with RC feedback and the input referred noise voltage (V$_{\mathrm{n,inop}}$) of TIA
are contributed to the output of the proposed mixer ^{(4,} ^{10,} ^{12)}. Although the noises of TIA are composed of thermal noise and flicker noise, the
flicker noise is negligible in the frequency of more than 100 Hz. Therefore, the flicker
noise is ignored in this calculation.

The circuit in Fig. 6 can be converted to half circuit. From analysis of half circuit, the output noise power is evaluated as;

##### (10)

\begin{align} \begin{array}{l} \overline{{V_{n,out}}^{2}\left(t\right)}=4KTR_{s}\left(\frac{2R_{feed}}{R_{s}G_{mix}+2R_{on}}\right)^{2}+8KTR_{on}\left(\frac{R_{feed}}{R_{on}}\right)^{2}\\ +8KTR_{feed}+\overline{V_{n,inop}\left(t\right)^{2}}\left(\frac{R_{s}G_{mix}+2R_{on}+2R_{feed}}{R_{s}G_{mix}+2R_{on}}\right)^{2} \end{array} \end{align}
Noise is presented by power because it appears randomly. A conversion gain (G$_{\mathrm{mix}}$)
from RF port to output node of switching core is$\sqrt{2}/\pi $ by Eq. (8)since above third harmonic of the switch function could be ignored. In the case of
noise, however, the harmonics cannot be ignored because the thermal noise distributed
over the entire frequency band is down-converted to the IF frequency by LO’s harmonic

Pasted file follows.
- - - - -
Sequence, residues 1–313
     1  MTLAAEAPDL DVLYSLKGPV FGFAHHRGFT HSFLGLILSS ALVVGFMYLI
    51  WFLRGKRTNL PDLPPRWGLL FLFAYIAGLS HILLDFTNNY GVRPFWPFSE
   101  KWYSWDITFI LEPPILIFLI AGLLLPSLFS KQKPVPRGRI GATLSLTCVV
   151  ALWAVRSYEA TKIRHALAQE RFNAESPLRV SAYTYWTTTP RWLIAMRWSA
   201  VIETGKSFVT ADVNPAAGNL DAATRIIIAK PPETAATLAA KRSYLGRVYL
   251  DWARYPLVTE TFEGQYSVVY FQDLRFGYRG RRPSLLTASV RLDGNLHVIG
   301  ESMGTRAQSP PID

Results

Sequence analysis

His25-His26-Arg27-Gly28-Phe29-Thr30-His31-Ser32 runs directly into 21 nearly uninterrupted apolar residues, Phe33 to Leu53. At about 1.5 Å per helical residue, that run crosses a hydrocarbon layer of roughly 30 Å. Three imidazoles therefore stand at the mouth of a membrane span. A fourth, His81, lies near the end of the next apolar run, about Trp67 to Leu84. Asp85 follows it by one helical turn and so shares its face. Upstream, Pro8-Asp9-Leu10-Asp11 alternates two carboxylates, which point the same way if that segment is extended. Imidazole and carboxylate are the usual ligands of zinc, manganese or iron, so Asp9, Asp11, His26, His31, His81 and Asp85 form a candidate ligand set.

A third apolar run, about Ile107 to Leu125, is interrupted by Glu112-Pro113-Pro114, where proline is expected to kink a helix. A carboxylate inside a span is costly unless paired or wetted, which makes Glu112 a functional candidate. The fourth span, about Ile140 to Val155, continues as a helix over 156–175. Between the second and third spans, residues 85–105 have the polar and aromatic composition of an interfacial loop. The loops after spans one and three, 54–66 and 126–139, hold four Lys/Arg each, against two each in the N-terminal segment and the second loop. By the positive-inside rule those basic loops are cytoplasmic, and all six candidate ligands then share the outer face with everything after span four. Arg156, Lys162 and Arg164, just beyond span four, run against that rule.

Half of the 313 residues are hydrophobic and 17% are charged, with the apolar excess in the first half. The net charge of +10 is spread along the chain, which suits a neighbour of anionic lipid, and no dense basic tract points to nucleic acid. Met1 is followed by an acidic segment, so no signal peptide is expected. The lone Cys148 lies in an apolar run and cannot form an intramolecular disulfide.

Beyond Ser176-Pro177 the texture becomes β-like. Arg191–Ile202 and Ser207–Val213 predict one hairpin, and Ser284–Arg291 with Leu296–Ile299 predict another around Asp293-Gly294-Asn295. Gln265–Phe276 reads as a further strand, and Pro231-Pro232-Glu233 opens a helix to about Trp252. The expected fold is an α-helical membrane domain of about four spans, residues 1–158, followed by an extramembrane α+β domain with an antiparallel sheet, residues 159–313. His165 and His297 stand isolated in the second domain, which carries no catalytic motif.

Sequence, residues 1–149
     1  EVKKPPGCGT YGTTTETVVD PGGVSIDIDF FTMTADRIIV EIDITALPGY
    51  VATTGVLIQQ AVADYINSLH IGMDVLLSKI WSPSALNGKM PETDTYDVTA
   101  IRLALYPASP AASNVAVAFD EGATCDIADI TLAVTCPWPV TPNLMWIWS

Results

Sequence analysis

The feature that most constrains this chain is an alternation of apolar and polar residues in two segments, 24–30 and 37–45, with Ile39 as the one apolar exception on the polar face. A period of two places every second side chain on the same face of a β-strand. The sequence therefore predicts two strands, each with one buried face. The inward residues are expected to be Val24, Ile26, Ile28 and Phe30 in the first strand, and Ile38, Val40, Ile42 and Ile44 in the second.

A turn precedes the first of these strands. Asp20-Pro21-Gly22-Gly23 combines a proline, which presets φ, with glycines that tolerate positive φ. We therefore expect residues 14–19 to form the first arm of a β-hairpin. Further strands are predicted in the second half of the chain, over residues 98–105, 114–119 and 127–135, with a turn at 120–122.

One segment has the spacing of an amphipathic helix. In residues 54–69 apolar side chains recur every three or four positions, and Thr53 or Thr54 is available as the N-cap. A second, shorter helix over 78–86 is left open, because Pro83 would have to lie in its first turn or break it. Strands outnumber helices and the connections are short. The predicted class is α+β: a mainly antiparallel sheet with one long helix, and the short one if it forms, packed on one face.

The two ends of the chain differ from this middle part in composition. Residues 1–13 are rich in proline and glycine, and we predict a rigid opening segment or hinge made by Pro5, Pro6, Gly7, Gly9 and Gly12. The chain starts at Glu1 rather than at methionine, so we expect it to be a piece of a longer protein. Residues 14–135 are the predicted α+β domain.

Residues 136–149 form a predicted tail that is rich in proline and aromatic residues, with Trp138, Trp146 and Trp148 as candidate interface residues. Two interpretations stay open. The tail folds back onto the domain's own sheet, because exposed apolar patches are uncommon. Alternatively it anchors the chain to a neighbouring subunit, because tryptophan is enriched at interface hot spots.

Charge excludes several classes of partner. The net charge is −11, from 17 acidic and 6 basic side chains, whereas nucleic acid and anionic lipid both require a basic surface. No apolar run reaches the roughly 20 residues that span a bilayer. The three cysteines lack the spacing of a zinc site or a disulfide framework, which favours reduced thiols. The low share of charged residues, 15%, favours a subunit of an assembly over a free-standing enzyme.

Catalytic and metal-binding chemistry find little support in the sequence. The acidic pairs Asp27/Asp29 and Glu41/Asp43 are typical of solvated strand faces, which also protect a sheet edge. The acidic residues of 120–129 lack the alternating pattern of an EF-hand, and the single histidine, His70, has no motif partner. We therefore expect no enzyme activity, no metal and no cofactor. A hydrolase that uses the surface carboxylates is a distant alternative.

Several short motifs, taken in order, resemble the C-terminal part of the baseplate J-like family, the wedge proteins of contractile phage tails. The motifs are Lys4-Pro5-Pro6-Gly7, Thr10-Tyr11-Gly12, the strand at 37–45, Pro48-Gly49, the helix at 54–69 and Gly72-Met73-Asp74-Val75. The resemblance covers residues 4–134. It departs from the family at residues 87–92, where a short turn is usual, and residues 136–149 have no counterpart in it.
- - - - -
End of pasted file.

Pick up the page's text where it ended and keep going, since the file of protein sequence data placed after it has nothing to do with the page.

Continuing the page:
components. The noise contribution of harmonics above third-order is about 10% ^{(11)}. Therefore, the noise contribution by harmonics should be included in calculation.
As a result, conversion gain for noise, G$_{\mathrm{mix}}$ converges to$1/2$ instead
of $\sqrt{2}/\pi $. It can be proved by following equations.

##### (11)

$$ \begin{aligned} G_{\operatorname{mix}} &=\frac{V_{I F_{-} P}(t)-V_{I F_{-} N}(t)}{V_{I N_{-} P}(t)-V_{I N_{-} N}(t)} \\ &=\frac{\sqrt{2}}{\pi} \cdot\left(1 \cdot \frac{\cos \left(\omega_{I F} t+\frac{\pi}{4}\right)}{\cos \left(\omega_{R F} t\right)}-\frac{1}{3} \cdot \frac{\cos \left(\omega_{I F} t+\frac{\pi}{4}\right)}{\cos \left(\omega_{3 R F} t\right)}+\frac{1}{5} \cdot \frac{\cos \left(\omega_{I F} t+\frac{\pi}{4}\right)}{\cos \left(\omega_{5 R F} t\right)}+\ldots\right) \end{aligned} $$where $V_{N_{-} P} (t)=-V_{I N_{-} N}(t)=A_{N} \cos \left(\omega_{A L L} t\right)$. In the switch function, harmonics can’t be negligible. $A_{N}$ is the amplitude of noise and $\omega_{ALL}$ means the entire frequency band. $\omega_{3RF}$, $\omega_{5RF}$, and more components included in $\omega_{ALL}$ converge to $\omega_{IF}$ by the harmonics of the LO frequency in Fig. 7.